Quantcast
Last updated on April 19, 2014 at 18:42 EDT

Latest Primate Stories

52c090468a7e3bee69d901ec8fd086b1
2008-10-06 11:50:00

An international survey showed on Monday that a quarter of the world's mammals are threatened with extinction due to destruction of habitats and hunting. The report showed populations of half of all 5,487 species of mammals were in decline. Mammals range in size from blue whales to Thailand's insect-sized bumblebee bat. "Mammals are declining faster than we thought -- one in four species is threatened with extinction worldwide," said Jan Schipper, who led the team. The report updates the...

c0ccfa387ff884803fcb5538d3aa66ec1
2008-08-30 10:57:42

Cambodia conservation area contains tens of thousands of threatened monkeys A WCS report reveals surprisingly large populations of two globally threatened primates in a protected area in Cambodia. The report counted 42,000 black-shanked douc langurs along with 2,500 yellow-cheeked crested gibbons in Cambodia's Seima Biodiversity Conservation Area, an estimate that represents the largest known populations for both species in the world. WCS scientists conducted the surveys with the Royal...

2008-08-22 18:00:31

BABY Mangabey monkey Conchita stays close to its mummy bear at London Zoo yesterday. The seven-month-old primate is being hand- reared by zoo personnel with the help of the teddy. The cuddly toy is a substitute for Conchita's mother which, following a Caesarian section, was unable to bond with her. (c) 2008 Daily Mirror. Provided by ProQuest LLC. All rights Reserved.

9568961c81851d6aae3fe550131dd3571
2008-08-09 12:27:47

Noninvasive iron test helps modify diets for individual monkeys A medical test developed to detect an overload of iron in humans has recently been adapted to screen for the condition in some distant relatives: diminutive monkeys from South America, according to veterinarians at the Wildlife Conservation Society. The test"”which is now used to screen for elevated iron levels in marmosets and tamarins"”is a recent example of how advances in human health can be applied to animals in...

2008-08-07 12:00:46

By BEN MCCONVILLE By Ben McConville The Associated Press EDINBURGH, Scotland Can there be more lurking in the mist? Despite a startling find announced Tuesday that doubled the estimated number of western lowland gorillas in central Africa, scientists warned that hundreds of primate species remain in danger of extinction. A census by the Wildlife Conservation Society raised the estimate for gorillas in the Congo jungle to around 200,000 from a previous estimate of between 50,000 and...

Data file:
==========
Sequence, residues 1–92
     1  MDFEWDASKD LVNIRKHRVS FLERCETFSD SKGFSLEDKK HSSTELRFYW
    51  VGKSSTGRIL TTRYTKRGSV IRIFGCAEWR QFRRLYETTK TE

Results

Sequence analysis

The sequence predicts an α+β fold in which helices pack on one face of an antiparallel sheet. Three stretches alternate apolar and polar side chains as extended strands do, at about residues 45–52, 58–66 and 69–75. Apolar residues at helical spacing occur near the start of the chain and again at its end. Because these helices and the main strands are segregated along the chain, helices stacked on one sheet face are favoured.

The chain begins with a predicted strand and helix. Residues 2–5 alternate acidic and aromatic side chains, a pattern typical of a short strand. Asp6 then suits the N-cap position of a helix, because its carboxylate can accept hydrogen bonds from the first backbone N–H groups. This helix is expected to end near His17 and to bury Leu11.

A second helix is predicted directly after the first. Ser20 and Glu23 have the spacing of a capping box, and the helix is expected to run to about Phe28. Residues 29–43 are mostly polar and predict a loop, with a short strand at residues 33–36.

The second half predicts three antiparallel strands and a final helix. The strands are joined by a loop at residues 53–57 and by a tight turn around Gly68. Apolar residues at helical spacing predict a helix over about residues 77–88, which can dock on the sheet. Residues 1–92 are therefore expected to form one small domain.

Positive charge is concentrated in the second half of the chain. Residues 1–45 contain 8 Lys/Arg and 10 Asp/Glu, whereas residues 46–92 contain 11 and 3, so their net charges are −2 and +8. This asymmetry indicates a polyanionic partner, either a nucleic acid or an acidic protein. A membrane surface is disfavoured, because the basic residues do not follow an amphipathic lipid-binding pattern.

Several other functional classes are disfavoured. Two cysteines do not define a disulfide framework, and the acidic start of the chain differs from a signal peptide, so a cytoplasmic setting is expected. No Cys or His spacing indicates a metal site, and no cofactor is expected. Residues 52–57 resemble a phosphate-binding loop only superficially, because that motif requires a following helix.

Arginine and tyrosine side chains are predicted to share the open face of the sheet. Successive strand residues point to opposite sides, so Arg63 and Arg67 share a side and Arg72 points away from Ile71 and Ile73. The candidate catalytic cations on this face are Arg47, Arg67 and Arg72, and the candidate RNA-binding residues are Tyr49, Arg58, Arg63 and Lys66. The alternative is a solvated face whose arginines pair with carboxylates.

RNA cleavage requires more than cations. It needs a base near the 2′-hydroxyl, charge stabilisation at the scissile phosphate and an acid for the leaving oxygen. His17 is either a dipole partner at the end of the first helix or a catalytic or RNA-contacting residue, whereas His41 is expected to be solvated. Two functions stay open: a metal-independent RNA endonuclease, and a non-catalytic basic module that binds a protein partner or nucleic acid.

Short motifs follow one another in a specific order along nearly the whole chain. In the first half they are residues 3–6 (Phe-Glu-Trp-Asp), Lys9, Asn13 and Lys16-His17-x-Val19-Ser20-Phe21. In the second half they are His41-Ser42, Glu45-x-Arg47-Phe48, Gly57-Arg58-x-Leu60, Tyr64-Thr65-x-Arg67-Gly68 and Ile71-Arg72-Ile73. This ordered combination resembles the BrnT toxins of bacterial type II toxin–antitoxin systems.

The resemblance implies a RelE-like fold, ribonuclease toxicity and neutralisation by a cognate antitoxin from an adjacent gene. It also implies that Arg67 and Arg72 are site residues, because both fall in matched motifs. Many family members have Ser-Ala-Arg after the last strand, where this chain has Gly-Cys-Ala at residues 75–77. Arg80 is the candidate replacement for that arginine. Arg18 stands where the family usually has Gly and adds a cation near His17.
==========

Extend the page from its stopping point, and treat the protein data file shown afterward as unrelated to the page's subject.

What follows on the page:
cb9cf0465e898fda5b6e8e042e52815c1
2008-08-06 12:15:00

Oldest-known Asian fossils of monkey, ape and human ancestry date from about 54.5 million years ago, Duke researchers say Tiny fossilized teeth excavated from an Indian open-pit coal mine could be the oldest Asian remains ever found of anthropoids, the primate lineage of today's monkeys, apes and humans, say researchers from Duke University and the Indian Institute of Technology. Just 9-thousandths of a square inch in size, the teeth are about 54.5 million years old and suggest these early...

2008-08-06 06:00:24

By Andrew C. Revkin A grueling survey of vast tracts of forest and swamp in the northern Congo Republic has revealed the presence of more than 125,000 western lowland gorillas, a rare example of abundance in a world of rapidly vanishing primate populations. As recently as last year, this subspecies of the world's largest primate was listed as critically endangered by international wildlife organizations because known populations - estimated at less than 100,000 in the 1980s - had been...

4526e735b22436b1c0619105c6d2a1191
2008-08-05 12:00:00

Half of the world's primate population currently faces a looming threat of extinction due to deforestation and hunting for meat, according to an international report on Tuesday. The global review, conducted by the International Union for Conservation of Nature found that 48 percent of species face extinction. "We have solid data to show that the situation is far more severe than we imagined," said Russell Mittermeier, president of Conservation International and head of IUCN' primate...